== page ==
“The revelation of the Bible is not that Jesus Christ took upon Himself our fleshly sins, but that He took upon Himself the heredity of sin which no man can touch. God made His own Son to be sin that He might make the sinner a saint. All through the Bible it is revealed that Our Lord bore the sin of the world by identification, not by sympathy. He deliberately took upon His own shoulders, and bore in His own Person, the whole massed sin of the human race.”  (see 2 Corinthians 5:21)

Sometimes the road to holiness involves our own suffering as well. While we dwell in mortal flesh, the cure that the Lord obtained is being realized. Sin doesn’t die without a fight. Temptations, setbacks and difficulties cross our path and the Lord uses them to refine us. God’s cure works on us slowly but surely throughout this earthly sojourn we take. The Christian calls this sanctification. My granddaughter calls it chemotherapy.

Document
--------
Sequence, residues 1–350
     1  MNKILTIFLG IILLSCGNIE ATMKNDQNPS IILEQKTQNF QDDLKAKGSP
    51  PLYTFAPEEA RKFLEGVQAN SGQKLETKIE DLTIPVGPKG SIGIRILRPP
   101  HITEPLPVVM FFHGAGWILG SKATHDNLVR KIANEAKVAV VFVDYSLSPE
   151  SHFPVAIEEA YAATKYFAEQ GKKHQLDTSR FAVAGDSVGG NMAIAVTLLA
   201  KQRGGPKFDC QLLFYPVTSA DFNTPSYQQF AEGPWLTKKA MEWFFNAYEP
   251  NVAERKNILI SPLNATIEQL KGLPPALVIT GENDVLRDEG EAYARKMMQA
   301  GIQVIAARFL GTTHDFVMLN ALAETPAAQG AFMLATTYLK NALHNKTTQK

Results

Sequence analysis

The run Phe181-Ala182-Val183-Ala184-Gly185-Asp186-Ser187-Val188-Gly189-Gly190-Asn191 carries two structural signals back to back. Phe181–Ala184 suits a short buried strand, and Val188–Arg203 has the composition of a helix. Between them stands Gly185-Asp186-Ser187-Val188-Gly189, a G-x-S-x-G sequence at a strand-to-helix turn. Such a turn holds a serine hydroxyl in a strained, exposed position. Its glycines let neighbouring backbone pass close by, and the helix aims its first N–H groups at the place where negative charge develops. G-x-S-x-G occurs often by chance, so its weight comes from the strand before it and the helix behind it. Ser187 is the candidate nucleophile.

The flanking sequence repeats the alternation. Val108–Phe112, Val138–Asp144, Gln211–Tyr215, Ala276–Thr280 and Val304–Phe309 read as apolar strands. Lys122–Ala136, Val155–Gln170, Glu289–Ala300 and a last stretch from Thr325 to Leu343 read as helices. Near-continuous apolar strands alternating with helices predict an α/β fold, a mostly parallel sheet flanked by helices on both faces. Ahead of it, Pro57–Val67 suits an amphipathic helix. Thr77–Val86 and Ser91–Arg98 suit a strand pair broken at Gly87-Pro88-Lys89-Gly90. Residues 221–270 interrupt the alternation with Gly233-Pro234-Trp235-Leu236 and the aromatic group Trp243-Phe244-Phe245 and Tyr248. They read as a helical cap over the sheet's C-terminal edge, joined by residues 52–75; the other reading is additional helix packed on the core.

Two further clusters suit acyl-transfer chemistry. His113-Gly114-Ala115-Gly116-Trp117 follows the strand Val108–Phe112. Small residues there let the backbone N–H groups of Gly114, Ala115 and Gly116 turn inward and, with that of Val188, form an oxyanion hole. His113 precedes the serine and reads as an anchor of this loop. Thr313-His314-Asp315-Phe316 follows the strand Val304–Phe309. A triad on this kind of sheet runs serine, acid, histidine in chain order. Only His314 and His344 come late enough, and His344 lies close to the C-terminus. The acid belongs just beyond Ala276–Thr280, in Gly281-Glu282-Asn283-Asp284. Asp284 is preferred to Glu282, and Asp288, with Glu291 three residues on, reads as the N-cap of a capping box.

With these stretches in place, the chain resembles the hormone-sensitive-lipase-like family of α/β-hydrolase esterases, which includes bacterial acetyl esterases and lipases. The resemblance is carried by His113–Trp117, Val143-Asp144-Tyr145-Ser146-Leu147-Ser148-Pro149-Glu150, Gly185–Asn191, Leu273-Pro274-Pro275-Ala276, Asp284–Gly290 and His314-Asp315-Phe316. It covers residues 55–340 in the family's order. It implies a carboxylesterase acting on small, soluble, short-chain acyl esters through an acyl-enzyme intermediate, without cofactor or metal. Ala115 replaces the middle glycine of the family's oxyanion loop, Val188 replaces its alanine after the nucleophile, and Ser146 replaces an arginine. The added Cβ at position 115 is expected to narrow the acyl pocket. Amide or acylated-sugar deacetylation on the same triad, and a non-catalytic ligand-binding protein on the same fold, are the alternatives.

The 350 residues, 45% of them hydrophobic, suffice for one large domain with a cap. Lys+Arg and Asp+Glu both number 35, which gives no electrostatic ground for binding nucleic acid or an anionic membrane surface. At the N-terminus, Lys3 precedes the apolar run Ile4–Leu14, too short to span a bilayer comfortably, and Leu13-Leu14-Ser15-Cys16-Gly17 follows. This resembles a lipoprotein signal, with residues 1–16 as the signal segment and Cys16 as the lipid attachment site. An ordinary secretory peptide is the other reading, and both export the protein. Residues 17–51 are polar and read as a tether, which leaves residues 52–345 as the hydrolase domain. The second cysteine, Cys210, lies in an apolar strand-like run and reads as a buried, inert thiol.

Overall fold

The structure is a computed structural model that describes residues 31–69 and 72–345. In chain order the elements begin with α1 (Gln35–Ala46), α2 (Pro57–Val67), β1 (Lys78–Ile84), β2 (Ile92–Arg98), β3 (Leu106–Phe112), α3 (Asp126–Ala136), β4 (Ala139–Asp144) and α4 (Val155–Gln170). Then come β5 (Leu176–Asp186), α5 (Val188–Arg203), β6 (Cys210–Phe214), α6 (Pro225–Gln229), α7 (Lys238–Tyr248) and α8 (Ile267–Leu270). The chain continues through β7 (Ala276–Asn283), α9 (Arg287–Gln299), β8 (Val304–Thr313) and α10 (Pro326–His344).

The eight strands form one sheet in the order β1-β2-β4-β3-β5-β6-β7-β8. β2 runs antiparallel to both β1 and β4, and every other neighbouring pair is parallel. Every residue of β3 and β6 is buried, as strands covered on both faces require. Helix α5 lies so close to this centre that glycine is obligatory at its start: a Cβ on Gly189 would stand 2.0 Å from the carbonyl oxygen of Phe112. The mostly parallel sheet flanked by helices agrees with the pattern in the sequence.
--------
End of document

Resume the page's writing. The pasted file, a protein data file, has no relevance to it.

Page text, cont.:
I wish it weren’t so costly. I wish it weren’t so painful. But I’m so grateful that Jesus tells us that the end result will be worth it all. The sure hope of a cure is the “joy set before us” that helps us endure whatever it takes to get there. I want the cure that brings LIFE for my little one, a life free from cancer. We must press on for the cure.